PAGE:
Tropical Toronto: Deep Dive

Climate change is affecting us where we live and is affecting us now. The most vivid images of climate change include melting glaciers, mass deforestation and rising sea levels, But in the urban context, this will look like more flooded basements, the spread of disease, weakening civic infrastructure, food scarcity and human migration – all realities for communities across Ontario. 

The number of very hot days in Toronto (where the daily temperature goes above 30°C) has rapidly increased, and over the next decade, Toronto will see the number of very hot days increase 3-fold from the historical average1. Ontario has the longest freshwater coastline in the world2 and its borders run through four of the five Great Lakes and part of the St. Lawrence River. These rising temperatures are also directly leading to overheating of the Great Lakes. In the summers, Lake Ontario’s average temperature now consistently hits 25 degrees Celsius (previous “normal” was around 18 degrees Celsius)3. Nobody is immune from the impacts of climate change – the Anthropocene is here. Now!

What does all this mean for Ontarians?

In summer, the electrical grid will continue to be tested by more air conditioning, potentially leading to brown-outs or black-outs on the hottest days. Flooding in urban areas will get more intense, and more localized rainstorms will continue. In communities across Northern Ontario, melting permafrost will have a disastrous effect on infrastructure, forcing entire communities to move as buildings and roads sink into a newly porous landscape. Another terrifying effect of melting permafrost is that containment ponds will leach toxic mining waste into the surrounding earth and water as their walls and foundations disintegrate, potentially contaminating the entire food chain. Even food that isn’t affected by permafrost melt will have increased variability and lengthening of the growing season caused by a changing climate, which will have severe impacts on the agricultural sector, affecting planning for types of crops, new crop pests, weeds and plant diseases.4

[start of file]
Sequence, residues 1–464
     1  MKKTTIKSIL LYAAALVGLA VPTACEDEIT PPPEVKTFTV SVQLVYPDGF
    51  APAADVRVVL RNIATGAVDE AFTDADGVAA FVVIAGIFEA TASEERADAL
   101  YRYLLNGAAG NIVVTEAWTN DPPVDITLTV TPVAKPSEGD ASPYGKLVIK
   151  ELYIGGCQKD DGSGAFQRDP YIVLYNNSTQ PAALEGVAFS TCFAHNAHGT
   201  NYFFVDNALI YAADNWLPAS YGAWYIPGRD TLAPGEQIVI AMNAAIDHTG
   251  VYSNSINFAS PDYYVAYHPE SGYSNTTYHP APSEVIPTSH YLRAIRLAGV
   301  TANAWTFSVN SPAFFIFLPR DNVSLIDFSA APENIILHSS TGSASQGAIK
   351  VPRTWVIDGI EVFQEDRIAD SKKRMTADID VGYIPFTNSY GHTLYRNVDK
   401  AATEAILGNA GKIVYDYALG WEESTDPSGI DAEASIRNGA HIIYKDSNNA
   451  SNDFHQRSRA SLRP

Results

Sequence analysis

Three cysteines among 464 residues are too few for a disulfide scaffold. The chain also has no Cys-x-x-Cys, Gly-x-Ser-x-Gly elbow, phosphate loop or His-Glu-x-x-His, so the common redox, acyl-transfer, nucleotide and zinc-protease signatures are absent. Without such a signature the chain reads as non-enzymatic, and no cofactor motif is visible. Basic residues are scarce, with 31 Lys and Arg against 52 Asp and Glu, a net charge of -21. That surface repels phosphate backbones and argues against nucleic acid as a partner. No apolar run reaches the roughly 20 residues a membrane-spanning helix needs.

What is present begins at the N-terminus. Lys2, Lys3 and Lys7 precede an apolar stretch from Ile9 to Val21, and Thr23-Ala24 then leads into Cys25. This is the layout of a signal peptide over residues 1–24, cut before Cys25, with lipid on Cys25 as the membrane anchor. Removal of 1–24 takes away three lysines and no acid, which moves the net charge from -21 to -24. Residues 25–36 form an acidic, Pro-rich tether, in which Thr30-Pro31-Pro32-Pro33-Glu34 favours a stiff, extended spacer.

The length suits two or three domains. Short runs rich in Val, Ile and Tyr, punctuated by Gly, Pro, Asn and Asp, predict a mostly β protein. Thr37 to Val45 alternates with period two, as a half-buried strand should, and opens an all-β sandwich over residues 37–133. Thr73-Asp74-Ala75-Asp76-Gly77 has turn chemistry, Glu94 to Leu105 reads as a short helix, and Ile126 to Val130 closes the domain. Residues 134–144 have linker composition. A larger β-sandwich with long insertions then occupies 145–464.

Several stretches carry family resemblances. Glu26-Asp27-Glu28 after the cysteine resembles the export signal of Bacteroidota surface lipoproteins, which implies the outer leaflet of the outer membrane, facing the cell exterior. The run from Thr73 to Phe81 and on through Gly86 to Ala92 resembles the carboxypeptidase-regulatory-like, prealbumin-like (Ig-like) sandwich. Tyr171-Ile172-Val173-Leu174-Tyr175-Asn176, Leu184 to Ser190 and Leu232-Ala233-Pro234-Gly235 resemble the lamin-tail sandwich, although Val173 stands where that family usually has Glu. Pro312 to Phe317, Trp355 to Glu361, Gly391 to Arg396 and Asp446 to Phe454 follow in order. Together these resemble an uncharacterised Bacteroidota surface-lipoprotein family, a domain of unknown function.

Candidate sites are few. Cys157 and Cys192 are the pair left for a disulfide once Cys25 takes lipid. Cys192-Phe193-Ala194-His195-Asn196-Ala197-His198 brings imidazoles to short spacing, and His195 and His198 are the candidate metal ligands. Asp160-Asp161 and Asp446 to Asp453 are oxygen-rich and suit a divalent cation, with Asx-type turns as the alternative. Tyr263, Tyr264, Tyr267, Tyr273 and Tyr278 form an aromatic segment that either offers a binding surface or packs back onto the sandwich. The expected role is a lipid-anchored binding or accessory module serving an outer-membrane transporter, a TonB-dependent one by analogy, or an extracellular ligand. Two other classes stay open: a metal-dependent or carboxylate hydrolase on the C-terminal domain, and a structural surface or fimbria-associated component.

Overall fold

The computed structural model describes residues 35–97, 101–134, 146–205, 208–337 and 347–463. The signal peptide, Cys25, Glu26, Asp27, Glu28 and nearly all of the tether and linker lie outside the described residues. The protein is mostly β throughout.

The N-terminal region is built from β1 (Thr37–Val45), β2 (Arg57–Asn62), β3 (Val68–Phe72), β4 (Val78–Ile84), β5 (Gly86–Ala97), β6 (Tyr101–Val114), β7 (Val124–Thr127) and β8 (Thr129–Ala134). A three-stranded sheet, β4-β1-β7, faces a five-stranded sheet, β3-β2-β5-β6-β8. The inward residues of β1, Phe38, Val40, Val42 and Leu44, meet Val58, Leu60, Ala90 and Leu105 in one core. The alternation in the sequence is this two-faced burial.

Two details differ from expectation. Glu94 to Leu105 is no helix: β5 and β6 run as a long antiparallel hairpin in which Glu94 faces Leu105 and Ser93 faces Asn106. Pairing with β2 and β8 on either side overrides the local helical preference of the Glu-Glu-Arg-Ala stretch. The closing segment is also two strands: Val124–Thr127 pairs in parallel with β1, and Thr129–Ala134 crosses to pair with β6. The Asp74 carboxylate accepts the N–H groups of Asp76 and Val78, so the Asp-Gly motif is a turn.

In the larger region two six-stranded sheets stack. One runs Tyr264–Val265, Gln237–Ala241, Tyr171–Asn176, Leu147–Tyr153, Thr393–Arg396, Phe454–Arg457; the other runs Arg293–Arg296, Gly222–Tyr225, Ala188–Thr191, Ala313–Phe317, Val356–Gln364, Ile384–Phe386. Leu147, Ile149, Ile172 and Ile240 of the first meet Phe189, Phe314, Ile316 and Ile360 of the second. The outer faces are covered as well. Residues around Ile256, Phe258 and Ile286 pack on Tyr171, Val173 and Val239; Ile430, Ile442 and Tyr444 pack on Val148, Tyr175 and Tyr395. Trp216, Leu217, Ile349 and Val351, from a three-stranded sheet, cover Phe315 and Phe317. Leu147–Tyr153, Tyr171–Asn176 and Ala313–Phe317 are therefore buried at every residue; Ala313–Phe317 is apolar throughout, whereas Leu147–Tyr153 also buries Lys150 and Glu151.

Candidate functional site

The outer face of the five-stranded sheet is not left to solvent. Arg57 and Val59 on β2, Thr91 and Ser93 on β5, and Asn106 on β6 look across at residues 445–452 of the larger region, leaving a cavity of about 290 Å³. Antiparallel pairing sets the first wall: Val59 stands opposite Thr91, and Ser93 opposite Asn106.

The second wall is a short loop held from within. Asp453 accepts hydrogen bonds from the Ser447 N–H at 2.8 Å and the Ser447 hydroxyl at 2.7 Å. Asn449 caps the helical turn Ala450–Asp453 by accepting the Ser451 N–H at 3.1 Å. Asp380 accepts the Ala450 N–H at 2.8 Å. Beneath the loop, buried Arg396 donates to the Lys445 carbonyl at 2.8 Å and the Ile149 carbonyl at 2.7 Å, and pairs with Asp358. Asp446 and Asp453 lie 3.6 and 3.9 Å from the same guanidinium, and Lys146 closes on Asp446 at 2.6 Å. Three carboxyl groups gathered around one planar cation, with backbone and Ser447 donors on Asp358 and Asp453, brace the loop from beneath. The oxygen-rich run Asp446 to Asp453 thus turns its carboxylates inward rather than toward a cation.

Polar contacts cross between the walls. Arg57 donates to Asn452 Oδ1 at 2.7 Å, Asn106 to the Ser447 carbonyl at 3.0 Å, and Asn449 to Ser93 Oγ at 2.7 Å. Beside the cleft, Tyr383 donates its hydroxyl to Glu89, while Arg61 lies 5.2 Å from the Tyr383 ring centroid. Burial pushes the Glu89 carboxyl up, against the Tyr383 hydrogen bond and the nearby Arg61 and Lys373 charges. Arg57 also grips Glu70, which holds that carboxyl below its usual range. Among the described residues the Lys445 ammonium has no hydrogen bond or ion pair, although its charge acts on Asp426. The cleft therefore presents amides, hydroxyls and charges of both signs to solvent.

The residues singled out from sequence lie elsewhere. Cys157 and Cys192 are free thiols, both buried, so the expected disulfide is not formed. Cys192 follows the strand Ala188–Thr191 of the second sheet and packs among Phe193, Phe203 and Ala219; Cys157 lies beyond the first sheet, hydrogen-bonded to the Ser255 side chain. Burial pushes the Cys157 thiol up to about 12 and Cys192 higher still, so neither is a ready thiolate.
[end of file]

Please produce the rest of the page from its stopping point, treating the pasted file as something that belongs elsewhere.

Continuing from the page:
Photo by Justin Ziadeh

Rising temperatures will also mean that many Ontarians will experience a range of healthcare challenges5We can expect to see an increased incidence of heat-related illness and respiratory and cardiovascular disorders due to rising temperatures and reduced air quality. Certain diseases transmitted by mosquitoes, ticks and other vectors will increase due to rising summer temperatures (e.g., Lyme disease, West Nile virus). As is always the case with disasters, increased vulnerability to heat waves will be faced by groups who are most marginalized.

What can you do?

While we are increasingly conscious of our personal environmental footprints, the reality is that the scale of change needed requires action at a systemic level. There are multiple organizations on the ground across the province that are actively engaging scientists, activists, policymakers and industries. 

To learn more about organizations across Toronto and Ontario at the frontline of fighting local climate change, please visit the TCAN website

  1. Climate Data Canada. (n.d.). Toronto, ON. Retrieved Aug 05, 2020, from Climate Data Canada:
  2. Ontario’s Great Lakes Strategy. (2019, May 29). Retrieved Aug 06, 2020, from
  3. Samenow, J. (2020, Jul 14). The Washington Post. Retrieved from The Washington Post:
  4. Metzger , P. (2017, Nov 14). What climate change has in store for Ontario. Retrieved from The Ontario Educational Communications Authority (TVO):
  5. Gough, W., Anderson, V., & Herod, K. (2016). ONTARIO CLIMATE CHANGE AND HEALTH MODELLING STUDY. Toronto: Ministry of Health and Long-Term Care Public Health Policy and Programs Branch.